Tuesday, September 14, 2004

Early Japanese Cinema

You can tell it’s a busy week for me when I start recycling old school papers! Here is another excerpt from my grad school paper on Japanese filmmaker Akira Kurosawa. This is an oh-so-brief overview of the various influences that shaped early Japanese cinema:

The Japanese public’s first exposure to the film medium came in an 1896 exhibition of Thomas Edison’s kinetoscope—the first movie camera. This occurred some two years after the camera’s first appearance in Europe. Approximately one year later, the short films of France’s Lumiere Brothers were shown to mass audiences. Inspired with the possibilities that the medium presented, Japanese began making their own films in earnest. In the beginning, the filmmakers turned not to Western imagery, but to their own within the traditional theater. The very first movies, in fact, were filmed theater performances.

Subsequent film genres and methods of characterization evolved from two traditional drama types—Kabuki and Shimpa. Kabuki is a historical drama, its main characters consisting of samurai. These idealized warriors are characterized as strong, wise, and determined. Imbued with Confucian morals, samurais’ loyalty to feudalistic lords is above that of family, placing no value on romantic love whatsoever. Shimpa, on the other hand, is a contemporary drama, coming into existence around 1890 as a potential replacement for Kabuki, “whose feudalistic forms were no longer capable of reflecting the mores of a modernizing Japan.” (Tadao Sato) The majority of these plays are love tragedies.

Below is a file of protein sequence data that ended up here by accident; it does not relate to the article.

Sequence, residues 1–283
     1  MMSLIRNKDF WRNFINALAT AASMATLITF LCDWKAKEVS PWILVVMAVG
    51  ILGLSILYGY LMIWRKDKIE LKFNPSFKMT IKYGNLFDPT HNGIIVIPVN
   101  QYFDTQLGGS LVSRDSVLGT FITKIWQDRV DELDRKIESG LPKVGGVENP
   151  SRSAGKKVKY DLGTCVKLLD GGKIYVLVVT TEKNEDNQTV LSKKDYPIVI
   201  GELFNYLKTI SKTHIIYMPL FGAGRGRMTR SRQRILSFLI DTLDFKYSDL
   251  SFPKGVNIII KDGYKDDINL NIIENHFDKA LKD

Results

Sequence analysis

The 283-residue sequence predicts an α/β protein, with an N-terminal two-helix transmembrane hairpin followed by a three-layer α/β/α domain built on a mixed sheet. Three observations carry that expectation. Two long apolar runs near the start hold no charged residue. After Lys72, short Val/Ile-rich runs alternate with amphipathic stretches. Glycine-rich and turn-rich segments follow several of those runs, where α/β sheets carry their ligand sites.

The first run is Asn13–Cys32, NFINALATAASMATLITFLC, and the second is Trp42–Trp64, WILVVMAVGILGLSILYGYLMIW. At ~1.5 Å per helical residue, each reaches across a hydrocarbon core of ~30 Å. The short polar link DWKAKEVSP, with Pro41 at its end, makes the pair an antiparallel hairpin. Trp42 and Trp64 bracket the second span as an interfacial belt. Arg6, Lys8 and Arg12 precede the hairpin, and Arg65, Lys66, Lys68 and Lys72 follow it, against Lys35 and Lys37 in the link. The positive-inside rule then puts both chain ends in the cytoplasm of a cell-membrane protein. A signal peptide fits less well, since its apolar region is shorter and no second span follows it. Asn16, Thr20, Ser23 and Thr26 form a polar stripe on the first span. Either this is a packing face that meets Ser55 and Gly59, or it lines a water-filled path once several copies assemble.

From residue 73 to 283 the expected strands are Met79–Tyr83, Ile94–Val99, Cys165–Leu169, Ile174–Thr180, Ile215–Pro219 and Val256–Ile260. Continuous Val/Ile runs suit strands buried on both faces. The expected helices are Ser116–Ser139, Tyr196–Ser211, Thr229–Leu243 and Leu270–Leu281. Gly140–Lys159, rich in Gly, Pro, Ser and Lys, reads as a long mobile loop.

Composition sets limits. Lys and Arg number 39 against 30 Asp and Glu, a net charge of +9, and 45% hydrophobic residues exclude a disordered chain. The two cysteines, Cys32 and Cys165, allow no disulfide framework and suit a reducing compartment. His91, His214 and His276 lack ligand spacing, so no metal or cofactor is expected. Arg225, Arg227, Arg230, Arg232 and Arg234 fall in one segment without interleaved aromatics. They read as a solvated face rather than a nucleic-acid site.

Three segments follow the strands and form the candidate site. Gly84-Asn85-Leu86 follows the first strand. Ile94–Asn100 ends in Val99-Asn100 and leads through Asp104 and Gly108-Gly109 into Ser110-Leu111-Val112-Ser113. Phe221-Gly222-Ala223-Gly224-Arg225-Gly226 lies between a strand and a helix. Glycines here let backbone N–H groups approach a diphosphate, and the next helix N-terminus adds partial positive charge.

Many foreign films were imported as well, exerting considerable stylistic influence on the Japanese. Set designs were copied from German Expressionist films of the 1920s. Psychological insight was injected into characterizations in response to French film of the 1930s. The Japanese leftist “tendency films” made circa 1930 mimicked the montage style of Soviet Sergei Eisenstein’s films, resulting in a fad for an extreme style of editing. The pre-World War II American films had the most profound influence. The youthful movie-going audience, who detested what they considered their oppressive, authoritarian society, liked the “liberal spirit” of the American films. As Japanese film critic and historian Tadao Sato notes, “What they envied most were the heroes and heroines, who were ordinary people, the love stories, and the American freedom of spirit.” Up until the late 1940s, it was common practice to model Japanese films after American hits.


Source:

Sato, Tadao. CURRENTS IN JAPANESE CINEMA. trans. by Gregory Barrett. New
York: Kodansha International Ltd., 1982.

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